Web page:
On October 8th, the Supreme Court heard oral arguments for what could possibly be one of the biggest cases of this year. This case, R.G. & G.R. Harris Funeral Homes Inc. v. Equal Employment Opportunity Commission & Aimee Stephens, takes up the question of the legal definition of sex and whether it should be expanded to include gender identity. This case will assuredly have major ramifications on how Americans view transgenderism and possibly how businesses can operate in the future.
The events of this case go all the way back to 2007 when the funeral home hired a man, Anthony Stephens, as a funeral director. During this time, he had to follow the sex-specific dress code of the funeral home, which is consistent with industry standards, as well as federal law. This was not a problem for the first six years of his employment, but, in 2013, Stephens told the owner of the funeral home, Tom Rost, that he planned to begin dressing as a woman at work.
Rost, whose family has run the business for almost 110 years with its mission to “honor God in all that we do as a company and as individuals,” didn’t agree with Stephens’ plans on the basis that would mean Stephens would be sharing the women’s restroom with women from grieving families and any women who worked there, one of whom were 80-years-old. Stephens went ahead anyway, writing, “At the end of my vacation on August 26, 2013, I will return to work as my true self … in appropriate business attire.” Two weeks later, Stephens’s employment was terminated because he didn’t follow the dress code.
After being fired, Stephens filed a complaint with the Equal Employment Opportunity Commission (EEOC), saying she had been discriminated against in her firing under Title VII of the Civil Rights Act of 1964. However, under current law, Title VII of the Civil Rights Act of 1964 prohibits discrimination on the basis of sex, not gender identity. Nonetheless, the EEOC is attempting to change its standard via this case. The outcome of this case will have major ramifications in the future.
Like the 2017 major case involving LGBT rights, Masterpiece Cakeshop v. Colorado Civil Rights Commission, this case hits at the core of the question of whether businesses can run their business as they wish, including practicing their religion within its operations as seen in the aforementioned case as well as the landmark Hobby Lobby case in 2014. Both of these businesses won their cases, but the Supreme Court has not given a clear ruling on whether the 1993 Religious Freedom Restoration Act (RFRA), provides an exemption from Title VII if the employer claims the rationale for their actions came from sincere religious beliefs.
This lack of transparency has been going on since the passage of the RFRA and had been the leading predicament in the case as it will ultimately lead to being an instance of “legislation from the bench,” such as Roe v. Wade and Dred Scott v. Sanford. Thus, it should be no wonder why the Supreme Court took up this case after the Sixth Circut Court of Appeals reversed the Eastern Michigan District Court decision that said that Title VII allows for a sex-specific dress code and that religious freedom, as within the RFRA, supersede Title VII discrimination laws.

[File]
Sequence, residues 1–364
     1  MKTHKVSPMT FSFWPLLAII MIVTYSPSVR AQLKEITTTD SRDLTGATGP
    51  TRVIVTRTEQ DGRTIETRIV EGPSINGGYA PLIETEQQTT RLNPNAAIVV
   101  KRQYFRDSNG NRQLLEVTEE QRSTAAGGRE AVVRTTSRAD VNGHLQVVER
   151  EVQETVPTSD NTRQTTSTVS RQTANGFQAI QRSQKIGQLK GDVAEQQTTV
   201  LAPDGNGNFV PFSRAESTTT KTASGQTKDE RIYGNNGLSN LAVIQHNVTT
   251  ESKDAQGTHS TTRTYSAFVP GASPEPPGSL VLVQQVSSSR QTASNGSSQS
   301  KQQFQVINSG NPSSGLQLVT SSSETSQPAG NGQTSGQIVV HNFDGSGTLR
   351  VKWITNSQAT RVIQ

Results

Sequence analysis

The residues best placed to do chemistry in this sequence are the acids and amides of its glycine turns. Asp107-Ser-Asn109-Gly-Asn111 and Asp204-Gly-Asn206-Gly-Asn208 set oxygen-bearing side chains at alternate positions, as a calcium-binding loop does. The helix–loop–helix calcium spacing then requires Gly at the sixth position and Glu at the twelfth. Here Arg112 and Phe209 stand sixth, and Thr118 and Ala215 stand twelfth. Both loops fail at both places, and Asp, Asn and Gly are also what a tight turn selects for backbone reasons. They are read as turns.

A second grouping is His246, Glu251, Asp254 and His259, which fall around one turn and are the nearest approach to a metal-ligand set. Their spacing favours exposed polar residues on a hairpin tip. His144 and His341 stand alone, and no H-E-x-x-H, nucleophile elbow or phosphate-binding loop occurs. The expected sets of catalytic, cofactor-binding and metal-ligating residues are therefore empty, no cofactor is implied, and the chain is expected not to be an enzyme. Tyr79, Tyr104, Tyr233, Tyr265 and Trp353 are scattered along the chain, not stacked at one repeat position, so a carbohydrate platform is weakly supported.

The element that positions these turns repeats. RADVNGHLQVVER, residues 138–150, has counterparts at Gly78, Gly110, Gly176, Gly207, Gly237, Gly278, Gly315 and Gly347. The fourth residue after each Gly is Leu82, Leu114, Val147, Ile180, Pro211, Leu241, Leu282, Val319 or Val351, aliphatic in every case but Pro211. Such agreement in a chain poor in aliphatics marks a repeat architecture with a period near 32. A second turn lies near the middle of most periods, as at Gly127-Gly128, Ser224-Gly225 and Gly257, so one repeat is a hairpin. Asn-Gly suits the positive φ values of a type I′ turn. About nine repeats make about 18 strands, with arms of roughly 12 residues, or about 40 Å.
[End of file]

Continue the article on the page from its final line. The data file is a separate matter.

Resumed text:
When asked about this, Justice Alito worried that it was too late for judicial intervention. He said that “Congress has been asked repeatedly in the years since 1964 to address this question,” and that “Congress has declined or failed to act on these requests. And if the Court takes this up and interprets this 1964 statute to prohibit discrimination based on sexual orientation, we will be acting exactly like a legislature.”
The High Court seems to be divided among ideological lines when it comes to this crucial case. However, recent rulings from the justices can provide an insight into who will side with whom. This can most evidently be seen in last year’s ruling in the Masterpiece Cakeshop case, as this case was predicated on the question of whether the First Amendment to the Constitution can be applied to business transactions and if anti-discrimination laws override freedom of religion.
On June 4th, 2018, the Supreme Court ruled in favor of the Colorado bakery in a 7-to-2 decision. However, Justice Kennedy, who gave the opinion of the majority in the case, has since retired from the bench and has been replaced by Justice Kavanaugh. Combined with Chief Justice Roberts and himself taking over the vacant role of “swing vote” on the bench, this could make the case much closer than last year’s decisive ruling in favor of religious freedom.
The ruling for the case is set to be determined in the first half of 2020.
The views expressed in this article are the opinion of the author and do not necessarily reflect those of Lone Conservative staff.